The first, and simplest method of sorting the leaves is through the use of various sieves and screens. The fineness of the mesh screen is measured by how many holes there are per sun (寸~1.2in, 3cm), a traditional Japanese unit of length. For example, if there are 10 holes/寸, it is a 10号 screen. The use of traditional units dates back to when tea was refined solely by hand on bamboo and later metal screens. Today, the sifting machines mechanically shake and rotate the sieves.


First, a fine mesh of around 25号 is used to sift out the dust and powder, known as konacha (粉茶 ), before a slightly larger mesh of around 12号 is used to sift out the mecha (芽茶). Mecha is the term used for the broken tips of leaves and small buds that are sifted out during this process. Konacha and mecha are often used in teabags or traditionally served at sushi restaurants as they are cheap and infuse quickly.


Further sieving in both gyroscopic and shaking-style machines removes loose veins from the tea as well as atama (頭) and twigs. Atama is the industry term for the large leaves that are ‘above grade’. These are typically old leaves or overmatured leaves that are accidentally picked during harvest. Sometimes, however, they are still good leaves, but for consistency and aesthetic reasons, they are considered too large. In these cases, these leaves may be cut down to size, and mixed back into the honcha.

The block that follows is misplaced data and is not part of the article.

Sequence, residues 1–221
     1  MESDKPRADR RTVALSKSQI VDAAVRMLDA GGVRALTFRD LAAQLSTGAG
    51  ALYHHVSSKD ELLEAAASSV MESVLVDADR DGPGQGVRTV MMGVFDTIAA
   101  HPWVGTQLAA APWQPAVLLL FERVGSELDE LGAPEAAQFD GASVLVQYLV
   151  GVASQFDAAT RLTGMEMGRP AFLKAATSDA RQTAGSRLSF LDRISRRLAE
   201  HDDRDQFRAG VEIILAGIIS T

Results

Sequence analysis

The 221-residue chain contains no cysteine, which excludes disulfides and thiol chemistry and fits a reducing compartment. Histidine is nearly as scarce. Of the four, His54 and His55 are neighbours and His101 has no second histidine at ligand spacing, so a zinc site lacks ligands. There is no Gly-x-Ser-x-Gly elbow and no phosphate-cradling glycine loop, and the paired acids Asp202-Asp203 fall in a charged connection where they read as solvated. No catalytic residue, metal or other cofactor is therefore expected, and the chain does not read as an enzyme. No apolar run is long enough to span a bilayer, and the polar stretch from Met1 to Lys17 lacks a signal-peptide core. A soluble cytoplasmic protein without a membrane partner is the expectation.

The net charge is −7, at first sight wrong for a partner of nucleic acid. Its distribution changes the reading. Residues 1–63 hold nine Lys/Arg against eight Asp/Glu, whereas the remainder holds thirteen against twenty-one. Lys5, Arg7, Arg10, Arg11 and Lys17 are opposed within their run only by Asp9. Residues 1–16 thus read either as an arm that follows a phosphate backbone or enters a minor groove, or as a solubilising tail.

Stem Removal


At this stage, all of the tea is of on-grade size. However, there are still stems in the mix, which cannot be sorted out using meshes and screens. To mechanically remove the stems from the honcha, two ingenious methods are employed which make use of the stems’ colour and electrostatic properties. 

In facilities that use both methods, the electrostatic stem separator is used first. When passed through a high-voltage electric field, the stems are more strongly attracted to the electrode. Using this property, roughly 25% of the stems can be removed.